The results of this study are important because they will improve understanding of the issues surrounding child abuse among the ministry of education, parents, guardians, teachers, school administrators, and all other stakeholders in the educational system.
Such knowledge could prevent further child exploitation, especially when the youngster is used as a source of revenue for the family.
Hawking clearly exposes kids to a range of social vices, therefore the study's aim to develop a paradigm for socially responsible child rearing justifies its existence.
This study will add to the body of knowledge in this area and be a useful tool for academics, researchers, and students who may want to do further study on this or a related subject in the future.
1.6 SCOPE OF STUDY
The primary goal of this study is to better understand how the Ministry of Education combats child abuse in secondary schools. The study will also look at whether the Ministry of Education has a significant impact on the fight against child abuse in secondary schools,
the tactics the Ministry of Education employs in that fight, and whether or not there has been a decline in that abuse. Thus, the scope of this study is restricted to Edo College in the Edo State.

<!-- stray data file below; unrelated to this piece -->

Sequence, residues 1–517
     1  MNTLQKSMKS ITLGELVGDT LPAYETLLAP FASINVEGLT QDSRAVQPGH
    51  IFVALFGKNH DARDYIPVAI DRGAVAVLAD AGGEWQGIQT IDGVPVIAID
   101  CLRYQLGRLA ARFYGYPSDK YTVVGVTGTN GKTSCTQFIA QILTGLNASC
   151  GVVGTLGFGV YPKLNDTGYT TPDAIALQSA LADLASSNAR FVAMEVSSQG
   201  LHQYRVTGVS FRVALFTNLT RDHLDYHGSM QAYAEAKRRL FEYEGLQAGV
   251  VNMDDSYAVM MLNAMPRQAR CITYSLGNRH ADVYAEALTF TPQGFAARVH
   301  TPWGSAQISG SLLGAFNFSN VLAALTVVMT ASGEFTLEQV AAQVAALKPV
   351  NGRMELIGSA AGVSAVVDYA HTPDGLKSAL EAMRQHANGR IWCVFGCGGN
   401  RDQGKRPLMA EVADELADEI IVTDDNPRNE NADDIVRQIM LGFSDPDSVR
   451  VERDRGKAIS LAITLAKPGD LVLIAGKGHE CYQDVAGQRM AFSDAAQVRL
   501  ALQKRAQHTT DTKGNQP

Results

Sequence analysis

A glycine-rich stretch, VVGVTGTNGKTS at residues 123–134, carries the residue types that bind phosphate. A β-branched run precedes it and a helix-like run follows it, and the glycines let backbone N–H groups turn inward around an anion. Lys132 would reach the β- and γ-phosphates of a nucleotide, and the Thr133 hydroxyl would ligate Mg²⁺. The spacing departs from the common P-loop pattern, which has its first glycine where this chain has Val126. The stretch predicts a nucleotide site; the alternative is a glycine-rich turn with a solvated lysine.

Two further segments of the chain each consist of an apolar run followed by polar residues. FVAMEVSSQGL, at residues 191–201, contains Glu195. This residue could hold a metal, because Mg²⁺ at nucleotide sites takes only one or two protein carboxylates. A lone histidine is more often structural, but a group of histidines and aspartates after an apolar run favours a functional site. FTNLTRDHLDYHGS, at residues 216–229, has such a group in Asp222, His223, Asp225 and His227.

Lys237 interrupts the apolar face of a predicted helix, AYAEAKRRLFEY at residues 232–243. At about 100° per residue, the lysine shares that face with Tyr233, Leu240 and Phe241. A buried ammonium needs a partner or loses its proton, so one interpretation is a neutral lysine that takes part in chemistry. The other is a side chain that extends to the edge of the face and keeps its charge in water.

The difficulties the researchers had while conducting the study were related to finances, poor supplies, and time constraints.
1.8 DEFINITION OF TERMS
Child abuse is when a person puts a child in danger of serious harm by intentionally inflicting physical harm, causing death, causing emotional harm, or neglecting to act at all.
The Federal Ministry of Education is one of the Federal Ministries of Nigeria and is responsible for overseeing education in that country.
This chapter's main goal is to critically review pertinent material that can be used to describe the research topic and to acknowledge the contributions made by academics who have previously made significant contributions to work along similar lines. The chapter seeks to fill in identified gaps and increase comprehension of the study.